March 28 - The Long Haul
Today has been spent mostly driving further North. Our objective has been to get up close to the Gibraltar Range and Nymboida National Park. Insofar as Grafton is also a type locality for two species, we decided to head for that town in Northern New South Wales and use it as a base for two days' work. That final objective, though, didn't stop Juli from attempting some surreptitious marine fish leech colecting along the way (see right). Juli, one of Gene's students, is doing her PhD work on the fish leeches of the world. This is an incredibly interesting group of leeches that inhabit fresh water, salt water, feed on everything from perch to sharks, living in tropical to Antarctic waters. So far her resutls are turning our understanding of the group completely on-end. Alas, the anglers on the jetty at Coff's Harbour hadn't had any luck, so Juli left empty handed.
After a late-day arrival at Grafton we found a typical hotel for the region. These places look like something right out of a Spaghetti-Western: a series of rooms for rent on the 2nd floor, reception and a Saloon on the first floor, complete with swinging doors - lacking only a guy playing the wurlitzer, a poker game and a shootout. Just prior to dinner we opted to check Cowan's Creek for Eumobdella yaldwini. The creek runs through pasture now and is enclosed in culverts. This is a problem often encountered when trying to pin down a locality recorded a century ago. Still, some local people mentioned that there was a bird sanctuary further on with a pond that connected to Cowan's Creek (aptly named Cowan's Pond). On arrival, Liz and Mark quickly jumped in bare-legged hoping to entice a few of these enigmatic worms to attach.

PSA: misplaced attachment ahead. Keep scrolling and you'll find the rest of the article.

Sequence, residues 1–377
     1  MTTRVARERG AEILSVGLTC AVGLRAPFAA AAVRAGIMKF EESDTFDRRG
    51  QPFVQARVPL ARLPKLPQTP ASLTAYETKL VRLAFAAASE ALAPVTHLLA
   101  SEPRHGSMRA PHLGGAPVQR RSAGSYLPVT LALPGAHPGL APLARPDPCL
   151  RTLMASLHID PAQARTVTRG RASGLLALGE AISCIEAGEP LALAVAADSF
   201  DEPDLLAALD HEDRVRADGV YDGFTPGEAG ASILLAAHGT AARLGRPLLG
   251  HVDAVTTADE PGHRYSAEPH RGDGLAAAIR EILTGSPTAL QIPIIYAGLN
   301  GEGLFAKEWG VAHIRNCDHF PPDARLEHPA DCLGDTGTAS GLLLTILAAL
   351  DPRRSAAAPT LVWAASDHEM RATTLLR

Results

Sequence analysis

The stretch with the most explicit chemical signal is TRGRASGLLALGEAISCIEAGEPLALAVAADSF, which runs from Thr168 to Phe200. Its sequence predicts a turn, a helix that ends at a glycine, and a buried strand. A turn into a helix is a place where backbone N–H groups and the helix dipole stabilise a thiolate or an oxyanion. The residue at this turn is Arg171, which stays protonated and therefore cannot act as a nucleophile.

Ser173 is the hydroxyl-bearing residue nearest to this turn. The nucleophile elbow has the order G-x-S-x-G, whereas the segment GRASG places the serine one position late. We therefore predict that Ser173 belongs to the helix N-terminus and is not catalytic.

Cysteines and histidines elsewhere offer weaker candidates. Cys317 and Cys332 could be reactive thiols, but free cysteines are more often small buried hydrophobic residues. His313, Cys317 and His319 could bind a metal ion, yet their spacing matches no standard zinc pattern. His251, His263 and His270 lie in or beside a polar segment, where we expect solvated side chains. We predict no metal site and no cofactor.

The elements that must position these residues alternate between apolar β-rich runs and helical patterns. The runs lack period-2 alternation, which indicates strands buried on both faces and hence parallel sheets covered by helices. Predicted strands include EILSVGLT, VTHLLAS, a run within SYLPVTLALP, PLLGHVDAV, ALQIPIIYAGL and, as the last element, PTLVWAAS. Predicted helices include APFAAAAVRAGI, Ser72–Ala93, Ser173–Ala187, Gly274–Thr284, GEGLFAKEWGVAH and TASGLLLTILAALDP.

Twenty minutes of no luck, and after Gene was sure he'd identified every bird in the pond, we moved back to a section of the creek to try the same technique. Amidst the trickle of flowing water were bizarre looking 3-inch long fish-like insect larvae, water bugs, and... leeches! Juli saw them first (after Mark had certified the place leech-free). Flaccidly hanging on to vegetation prior to being distubed but quite active and graceful once placed in a tube. We aren't sure precisely which species this is, but they are really quite stunning. A bold stripe of maroon down the middle of the back and several olive stripes on either side. In fact, at first glance there might be two species, one being noticably more reddish overall and with a lighter stripe down the center.
We're all hoping that Anna Phillips (starting her PhD on medicinal leeches in the fall) appreciates this find.
Off to Nymboida tomorrow